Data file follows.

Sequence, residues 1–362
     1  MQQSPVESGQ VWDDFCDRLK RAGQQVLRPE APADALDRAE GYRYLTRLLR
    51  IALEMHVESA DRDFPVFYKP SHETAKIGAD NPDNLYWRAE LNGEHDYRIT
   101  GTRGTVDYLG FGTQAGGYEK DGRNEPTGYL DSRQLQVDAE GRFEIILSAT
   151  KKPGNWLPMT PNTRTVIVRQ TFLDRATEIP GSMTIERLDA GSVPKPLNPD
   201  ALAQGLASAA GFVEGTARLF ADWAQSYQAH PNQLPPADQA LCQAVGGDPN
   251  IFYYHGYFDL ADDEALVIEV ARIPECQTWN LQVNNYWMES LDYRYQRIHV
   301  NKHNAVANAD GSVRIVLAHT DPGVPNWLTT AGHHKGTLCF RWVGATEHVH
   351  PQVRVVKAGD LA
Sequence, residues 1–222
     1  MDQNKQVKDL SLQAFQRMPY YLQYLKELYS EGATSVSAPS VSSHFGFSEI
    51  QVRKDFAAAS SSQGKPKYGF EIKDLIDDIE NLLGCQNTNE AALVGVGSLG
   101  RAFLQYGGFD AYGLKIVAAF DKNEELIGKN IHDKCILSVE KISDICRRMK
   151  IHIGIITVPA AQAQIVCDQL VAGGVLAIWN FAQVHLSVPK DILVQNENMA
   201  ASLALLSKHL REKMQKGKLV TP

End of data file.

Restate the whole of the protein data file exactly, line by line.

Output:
Sequence, residues 1–362
     1  MQQSPVESGQ VWDDFCDRLK RAGQQVLRPE APADALDRAE GYRYLTRLLR
    51  IALEMHVESA DRDFPVFYKP SHETAKIGAD NPDNLYWRAE LNGEHDYRIT
   101  GTRGTVDYLG FGTQAGGYEK DGRNEPTGYL DSRQLQVDAE GRFEIILSAT
   151  KKPGNWLPMT PNTRTVIVRQ TFLDRATEIP GSMTIERLDA GSVPKPLNPD
   201  ALAQGLASAA GFVEGTARLF ADWAQSYQAH PNQLPPADQA LCQAVGGDPN
   251  IFYYHGYFDL ADDEALVIEV ARIPECQTWN LQVNNYWMES LDYRYQRIHV
   301  NKHNAVANAD GSVRIVLAHT DPGVPNWLTT AGHHKGTLCF RWVGATEHVH
   351  PQVRVVKAGD LA
Sequence, residues 1–222
     1  MDQNKQVKDL SLQAFQRMPY YLQYLKELYS EGATSVSAPS VSSHFGFSEI
    51  QVRKDFAAAS SSQGKPKYGF EIKDLIDDIE NLLGCQNTNE AALVGVGSLG
   101  RAFLQYGGFD AYGLKIVAAF DKNEELIGKN IHDKCILSVE KISDICRRMK
   151  IHIGIITVPA AQAQIVCDQL VAGGVLAIWN FAQVHLSVPK DILVQNENMA
   201  ASLALLSKHL REKMQKGKLV TP